Stephens, a professor of medicine at UNC-Chapel Hill, recently published a new protocol – a medical flowchart, if you will – that helps standardize the approach to hospital admissions of alcohol-related diagnoses.

“This population had a subset with a lot of readmissions,” he said. “Many would get better, we’d send them home and then they’d be readmitted in the same month.”

Stephens said that a protocol could potentially help admit fewer of these people into the hospital, which would cut down on the “excessive utilization of resources.” In other words, admitting fewer patients and guiding them towards outpatient care can save hospitals a lot of money.

In order to create the one-page flowchart for physician use, Stephens created a task force with three doctors, a nurse practitioner and a case manager at UNC Hospitals. The group met several times to look at the medical literature on alcohol-related diagnoses before crafting their recommendations.

The protocol and the results of an 18-month follow-up on its implementation at UNC Hospitals show some promising trends: alcohol-related admissions per month dropped from about 19 to 16 patients. According to the study, that translates into a cost savings of $315,000 per year.

Stephens said the flowchart, however, did little to influence re-admittance rates.

“The best thing from our perspective is that we can standardize care,” he said. “When we’re called into the ER, then we can say, ‘We need to use this approach.’”

Stephens said the flowchart is part of a broader trend in medicine partially based on The Checklist Manifesto by Atul Gawande. Gawande’s book argues for the use of flowcharts and checklists to help medical professionals streamline decision-making.

UNC Alcohol detox protocol and checklist.

UNC Alcohol detox protocol and checklist. Image courtesy: UNC Healthcare

Mentally Ill at Higher Risk of Victimization, Study Says

By Taylor Sisk

Almost one of every three adults living with mental illness is likely to be the victim of violence in any six-month period, according to research conducted by RTI International, NC State, Duke, the University of California, Davis and Simon Fraser University.

The researchers found that 30.9 percent of those interviewed had been victims of violence in the previous six months. Of those who said they had been victimized, 43.7 percent said it had occurred on multiple occasions.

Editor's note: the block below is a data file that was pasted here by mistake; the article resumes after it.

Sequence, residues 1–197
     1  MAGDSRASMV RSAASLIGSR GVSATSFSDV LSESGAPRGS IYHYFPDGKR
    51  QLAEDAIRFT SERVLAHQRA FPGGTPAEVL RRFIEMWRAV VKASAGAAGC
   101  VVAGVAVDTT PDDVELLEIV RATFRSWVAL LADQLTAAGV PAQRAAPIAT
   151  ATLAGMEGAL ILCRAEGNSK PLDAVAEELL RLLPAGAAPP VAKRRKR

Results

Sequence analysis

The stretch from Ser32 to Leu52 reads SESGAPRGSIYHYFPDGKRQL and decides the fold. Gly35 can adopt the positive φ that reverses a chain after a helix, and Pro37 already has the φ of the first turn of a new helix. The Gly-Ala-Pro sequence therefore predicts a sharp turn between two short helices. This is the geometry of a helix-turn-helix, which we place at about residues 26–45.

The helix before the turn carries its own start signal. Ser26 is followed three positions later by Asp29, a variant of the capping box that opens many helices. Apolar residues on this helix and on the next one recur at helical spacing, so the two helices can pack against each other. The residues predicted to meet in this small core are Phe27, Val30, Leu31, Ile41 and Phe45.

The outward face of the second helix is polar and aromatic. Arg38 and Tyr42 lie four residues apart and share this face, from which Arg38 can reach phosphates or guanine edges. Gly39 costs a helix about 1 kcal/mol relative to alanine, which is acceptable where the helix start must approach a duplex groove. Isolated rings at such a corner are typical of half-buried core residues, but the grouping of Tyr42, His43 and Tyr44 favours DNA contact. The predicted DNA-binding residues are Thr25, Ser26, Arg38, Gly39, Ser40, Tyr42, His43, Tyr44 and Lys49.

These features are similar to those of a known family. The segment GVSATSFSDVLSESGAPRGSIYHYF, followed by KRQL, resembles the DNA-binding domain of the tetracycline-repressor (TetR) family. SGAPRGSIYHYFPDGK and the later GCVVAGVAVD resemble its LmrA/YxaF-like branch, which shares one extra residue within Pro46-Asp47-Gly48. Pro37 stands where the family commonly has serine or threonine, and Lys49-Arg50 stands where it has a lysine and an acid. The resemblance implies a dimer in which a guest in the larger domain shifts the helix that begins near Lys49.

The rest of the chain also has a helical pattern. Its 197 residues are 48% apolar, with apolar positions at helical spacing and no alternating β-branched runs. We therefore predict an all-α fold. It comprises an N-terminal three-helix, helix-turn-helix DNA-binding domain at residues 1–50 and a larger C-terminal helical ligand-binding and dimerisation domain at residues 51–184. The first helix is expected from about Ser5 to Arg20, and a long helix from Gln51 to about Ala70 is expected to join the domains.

“We had a pretty good idea that people with mental illness are more likely to be victimized than they are to actually perpetrate violence, but that’s not the way things are portrayed in the media,” said Richard Van Dorn, a senior mental health services researcher at RTI and co-author of the study.

The research team further found that 23.9 percent of those in the study had committed a violent act within the same time period. Almost two-thirds of those acts took place in residential settings; only 2.6 percent were committed in schools or workplaces.

“The victimization certainly doesn’t get as much attention as the violence does,” Van Dorn said.

Regarding the correlation between being a victim of violence and committing a violent act, Van Dorn said, “We’re not saying that victimization is causing the violence or that the violence is causing the victimization, just that those two things are very closely related.”

The study was part of a broader National Institute of Mental Health project focused on the co-occurrence of violence and victimization in adults with mental illness. It was funded by a grant from the NIMH and appears in the current issue of the American Journal of Public Health.

Further studies will examine potential causes of violence and victimization and treatment outcomes.

Large group surveyed

The researchers compiled a database of 4,480 mentally ill adults who had been interviewed in five previous studies that focused on issues ranging from antipsychotic medications to treatment approaches. All of those interviewed were asked questions related to violence and victimization.